to identify the perpetrator, or to appease the ancestors. However, the traditional healer
may indicate that the cause of the epilepsy is witchcraft, and may only be cured with
ritualistic processes and/or counter-magic. Some Europeans also believed in this
etiological perspective of epilepsy, but abandoned this belief when biomedicine
offered an alternative understanding (Jilek-Aall et al., 1997).
Traditional healers systematise ambiguous information with the aim of classifying the
disease according to a traditional diagnosis (Feierman, 1985). Time plays a significant
role in diagnostic practices in traditional healing. As such, the diagnosis may change
depending on the course of the disorder (Feierman, 1985). For example, a diagnosis of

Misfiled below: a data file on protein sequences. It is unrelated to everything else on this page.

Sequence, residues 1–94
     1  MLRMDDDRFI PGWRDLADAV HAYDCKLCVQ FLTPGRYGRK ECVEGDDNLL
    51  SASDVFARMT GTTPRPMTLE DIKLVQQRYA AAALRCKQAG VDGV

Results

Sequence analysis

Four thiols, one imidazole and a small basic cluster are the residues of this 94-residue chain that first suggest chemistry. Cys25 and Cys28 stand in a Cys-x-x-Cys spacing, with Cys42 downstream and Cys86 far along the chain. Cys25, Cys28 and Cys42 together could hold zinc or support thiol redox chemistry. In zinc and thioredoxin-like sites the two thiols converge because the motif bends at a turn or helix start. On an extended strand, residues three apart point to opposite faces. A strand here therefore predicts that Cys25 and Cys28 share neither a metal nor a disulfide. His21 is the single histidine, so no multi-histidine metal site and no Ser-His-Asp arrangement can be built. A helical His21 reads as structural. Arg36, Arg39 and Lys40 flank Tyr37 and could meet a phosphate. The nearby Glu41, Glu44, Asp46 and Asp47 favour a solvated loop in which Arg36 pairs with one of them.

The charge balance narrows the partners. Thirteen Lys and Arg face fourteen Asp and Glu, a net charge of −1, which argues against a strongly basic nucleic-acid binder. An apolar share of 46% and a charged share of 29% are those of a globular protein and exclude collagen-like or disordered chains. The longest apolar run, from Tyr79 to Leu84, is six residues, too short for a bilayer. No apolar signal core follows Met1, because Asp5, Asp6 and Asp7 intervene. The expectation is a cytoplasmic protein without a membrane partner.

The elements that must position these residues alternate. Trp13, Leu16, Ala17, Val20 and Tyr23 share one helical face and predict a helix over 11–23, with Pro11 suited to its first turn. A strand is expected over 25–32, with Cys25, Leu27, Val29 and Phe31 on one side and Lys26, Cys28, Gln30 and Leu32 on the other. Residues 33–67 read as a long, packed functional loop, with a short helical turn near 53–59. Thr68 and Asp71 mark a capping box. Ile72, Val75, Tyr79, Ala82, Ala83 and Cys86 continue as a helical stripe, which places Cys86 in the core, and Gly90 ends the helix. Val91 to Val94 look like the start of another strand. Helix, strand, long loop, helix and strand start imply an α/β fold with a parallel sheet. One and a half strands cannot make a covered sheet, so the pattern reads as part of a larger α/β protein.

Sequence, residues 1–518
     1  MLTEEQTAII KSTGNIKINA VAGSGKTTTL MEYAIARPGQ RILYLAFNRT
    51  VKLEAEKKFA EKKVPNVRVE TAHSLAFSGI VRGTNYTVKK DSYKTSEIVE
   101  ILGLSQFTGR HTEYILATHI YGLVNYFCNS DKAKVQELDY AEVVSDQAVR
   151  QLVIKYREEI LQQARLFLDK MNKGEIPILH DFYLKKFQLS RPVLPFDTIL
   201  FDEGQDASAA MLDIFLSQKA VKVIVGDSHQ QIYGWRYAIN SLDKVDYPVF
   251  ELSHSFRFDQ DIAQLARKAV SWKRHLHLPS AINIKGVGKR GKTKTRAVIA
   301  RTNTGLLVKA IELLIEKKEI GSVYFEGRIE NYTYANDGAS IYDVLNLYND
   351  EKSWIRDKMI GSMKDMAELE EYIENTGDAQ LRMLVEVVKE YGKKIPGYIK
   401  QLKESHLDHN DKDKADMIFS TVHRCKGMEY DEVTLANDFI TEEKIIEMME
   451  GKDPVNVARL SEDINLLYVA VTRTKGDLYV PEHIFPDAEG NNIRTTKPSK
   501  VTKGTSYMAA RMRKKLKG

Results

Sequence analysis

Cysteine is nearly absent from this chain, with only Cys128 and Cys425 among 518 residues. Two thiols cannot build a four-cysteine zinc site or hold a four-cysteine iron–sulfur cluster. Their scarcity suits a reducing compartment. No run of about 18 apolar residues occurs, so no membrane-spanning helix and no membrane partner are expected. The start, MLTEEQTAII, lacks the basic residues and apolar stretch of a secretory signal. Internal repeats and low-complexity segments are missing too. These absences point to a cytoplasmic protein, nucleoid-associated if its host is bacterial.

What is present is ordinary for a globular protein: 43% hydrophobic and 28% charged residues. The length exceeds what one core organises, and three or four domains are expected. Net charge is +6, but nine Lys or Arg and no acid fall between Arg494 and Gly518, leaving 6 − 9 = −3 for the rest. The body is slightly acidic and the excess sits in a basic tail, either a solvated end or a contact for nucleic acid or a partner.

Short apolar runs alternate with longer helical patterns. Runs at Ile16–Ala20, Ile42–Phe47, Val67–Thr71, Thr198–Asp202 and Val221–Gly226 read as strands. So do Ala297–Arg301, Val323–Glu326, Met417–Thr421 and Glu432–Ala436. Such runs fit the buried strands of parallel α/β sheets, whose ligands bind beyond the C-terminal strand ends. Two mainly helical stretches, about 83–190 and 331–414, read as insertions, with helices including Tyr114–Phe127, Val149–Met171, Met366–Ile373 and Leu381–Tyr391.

‘witchcraft’ may change to a diagnosis of ‘natural illness’ if the medication does not
heal a specific illness (Ashforth, 1998).
Traditional healers apply holistic and scientific healing practices. This applies to the
diagnostic and treatment process, as well as their appreciation for natural and
supernatural influences. As the spiritual and physical are indivisible, so too are the
natural and supernatural (Kudadjie & Osei, 1998). Traditional healers do not divide
healing into psychological, spiritual, and physical constituents. These delineations are
unnecessary and alien to African perspectives (Edwards, 1998). Similarly,
ethnomedical systems pretermit, and often take no notice of, what is often referred to
as the body-mind division (Koss-Chioino, 2000).
160
Traditional healing is dynamic. The diagnosis and treatment depends on the context.
Thus, in general, specific illnesses will not suggest specific treatments. Each person,
even if they share symptoms with others, will require individualised treatment
(Wreford, 2005).
Traditional healing is person-centred, not only in an individual capacity, but
particularly in terms of focused attention on the family system. Informality and
individualised explanatory and exploratory diagnostic and treatment processes define
the traditional healing encounter. As a result, the holistic approach to healing